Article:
Yesterday, there were rallies across Canada protesting Stephen Harper’s decision to prorogue Parliament and marking the day that the Canadian Parliament was to have returned to session. I was a bit anxious about the anti-prorogation rally in Hamilton, mostly because the local radical left was taking part. If we were going to come out in the cold to gather, and most likely make the local news, I was hoping we would look very mainstream and dull. I dressed as square as possible in order to convey that we’re not the radical fringe. Meanwhile, the local collective info-shop was planning to have a “die-in”, just the sort of self-centered attention-grabbing stunt that makes a protest look like an elementary school play session. Happily, though, the die-ins and drumming circles didn’t come off and the crowd was older and very mainstream. It looked like a group of Anglican ministers actually.
The media outside of Canada is completely oblivious to this story (of course), so perhaps a slight bit of context is in order.Prorogation means suspending Parliament and essentially ending their usual session early; locking the doors and sending them home. The idea is to prorogate Parliament when they complete their legislative agenda early, in order to save everyone’s time and money. The Prime Minister calls for prorogation by contacting the Governor General (the Queen’s representative in Canada) and getting permission.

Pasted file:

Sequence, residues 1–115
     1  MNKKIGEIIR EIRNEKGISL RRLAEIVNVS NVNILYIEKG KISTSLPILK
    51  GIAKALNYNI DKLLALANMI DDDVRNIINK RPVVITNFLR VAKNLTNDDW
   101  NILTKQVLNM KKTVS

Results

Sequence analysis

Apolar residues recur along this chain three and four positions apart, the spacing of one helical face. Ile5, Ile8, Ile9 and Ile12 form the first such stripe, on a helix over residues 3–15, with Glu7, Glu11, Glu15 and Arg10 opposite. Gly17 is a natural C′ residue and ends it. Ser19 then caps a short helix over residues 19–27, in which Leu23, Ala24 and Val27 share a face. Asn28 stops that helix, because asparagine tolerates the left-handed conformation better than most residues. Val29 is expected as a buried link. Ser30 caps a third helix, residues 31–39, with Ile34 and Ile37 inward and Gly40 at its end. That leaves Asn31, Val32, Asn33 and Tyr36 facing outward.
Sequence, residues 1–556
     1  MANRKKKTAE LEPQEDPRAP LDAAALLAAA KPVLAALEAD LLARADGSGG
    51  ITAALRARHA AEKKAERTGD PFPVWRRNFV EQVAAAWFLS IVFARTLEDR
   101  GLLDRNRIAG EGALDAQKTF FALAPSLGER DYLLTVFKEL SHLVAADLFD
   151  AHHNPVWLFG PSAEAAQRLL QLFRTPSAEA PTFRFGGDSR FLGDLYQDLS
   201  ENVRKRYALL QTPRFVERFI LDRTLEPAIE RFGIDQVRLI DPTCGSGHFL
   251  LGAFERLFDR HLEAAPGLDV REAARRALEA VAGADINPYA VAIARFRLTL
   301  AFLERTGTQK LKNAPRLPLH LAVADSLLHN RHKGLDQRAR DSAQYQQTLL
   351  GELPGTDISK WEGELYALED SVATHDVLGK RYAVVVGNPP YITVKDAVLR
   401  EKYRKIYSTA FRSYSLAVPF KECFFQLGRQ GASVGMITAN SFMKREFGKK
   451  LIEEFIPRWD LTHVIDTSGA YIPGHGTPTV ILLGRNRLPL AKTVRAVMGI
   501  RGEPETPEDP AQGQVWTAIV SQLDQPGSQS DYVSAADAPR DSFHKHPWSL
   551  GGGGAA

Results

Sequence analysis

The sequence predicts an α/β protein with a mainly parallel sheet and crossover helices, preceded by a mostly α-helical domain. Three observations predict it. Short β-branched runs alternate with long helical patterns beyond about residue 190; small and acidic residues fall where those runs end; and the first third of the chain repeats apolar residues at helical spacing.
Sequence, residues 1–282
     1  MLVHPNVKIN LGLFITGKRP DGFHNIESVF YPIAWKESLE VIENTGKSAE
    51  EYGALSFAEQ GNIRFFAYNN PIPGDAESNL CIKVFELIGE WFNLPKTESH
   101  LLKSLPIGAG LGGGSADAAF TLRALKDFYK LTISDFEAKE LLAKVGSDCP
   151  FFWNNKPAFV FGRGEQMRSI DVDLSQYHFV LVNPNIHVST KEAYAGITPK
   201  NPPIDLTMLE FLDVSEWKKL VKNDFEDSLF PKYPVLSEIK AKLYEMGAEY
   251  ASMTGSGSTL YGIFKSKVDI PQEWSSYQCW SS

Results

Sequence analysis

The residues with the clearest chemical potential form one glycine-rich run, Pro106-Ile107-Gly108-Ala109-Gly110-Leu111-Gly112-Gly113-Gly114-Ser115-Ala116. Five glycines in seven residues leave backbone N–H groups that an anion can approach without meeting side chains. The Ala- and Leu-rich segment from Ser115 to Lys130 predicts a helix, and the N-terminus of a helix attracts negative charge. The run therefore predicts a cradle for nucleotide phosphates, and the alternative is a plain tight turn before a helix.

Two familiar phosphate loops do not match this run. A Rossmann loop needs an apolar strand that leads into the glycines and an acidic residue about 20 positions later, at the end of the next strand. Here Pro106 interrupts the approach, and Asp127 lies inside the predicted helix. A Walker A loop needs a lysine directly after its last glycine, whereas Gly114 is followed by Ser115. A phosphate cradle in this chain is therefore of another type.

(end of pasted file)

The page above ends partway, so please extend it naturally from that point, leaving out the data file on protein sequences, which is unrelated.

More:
Prorogation is an option in all Parliamentary democracies; however, aside from Canada, it’s never really used because there’s a taboo about it. The first time that Harper prorogued last year it set a precedent because it was to avoid a no-confidence vote, which hadn’t been done since King James tried, failed, and lost his head. There is some argument that John A. McDonald pulled a similar maneuver in Canada about 90 years ago, but again, it’s pretty much unheard of. When Harper prorogued this time, the official argument was that Parliament should focus on the Olympics and the economy. The prisoner abuse scandal that is seriously hurting his party was not sited. Incidentally, this prorogation was announced over the Christmas holiday.
So, the fact that the crowd at the protest was made of people in their 50s and 60s is significant. Canadian baby boomers are pissed. The first prorogation was something that disturbed people, but they were willing to turn a bit of a blind eye. This time, mainstream Canadians are sick of paying people to work who can choose to stay home and get paid every time the political tides turn against them. Canadians value “peace, order, and good government”; as compared to the American, “life, liberty, and the pursuit of happiness”; and so this sort of behavior offends their sense of uprightness. This sort of thing is why they voted out the Liberals in the first place.
The Facebook group was started by a handful of university students and, thus far, has only 210,000 members; this is, however, more than all of the other Canadian political parties’ Facebook groups combined. It is hard to judge by the protests- Toronto had about 3,000 people; in Hamilton, we had 300 at best; nevertheless, there were protests in over 60 cities. The fact is that Canadians are not rabble rousers; the country gained its independence by keeping quiet and not pushing for independence after all. So, for each protester, one could imagine a hell of a lot of angry Canadians who aren’t comfortable protesting. None of this bodes well for Harper.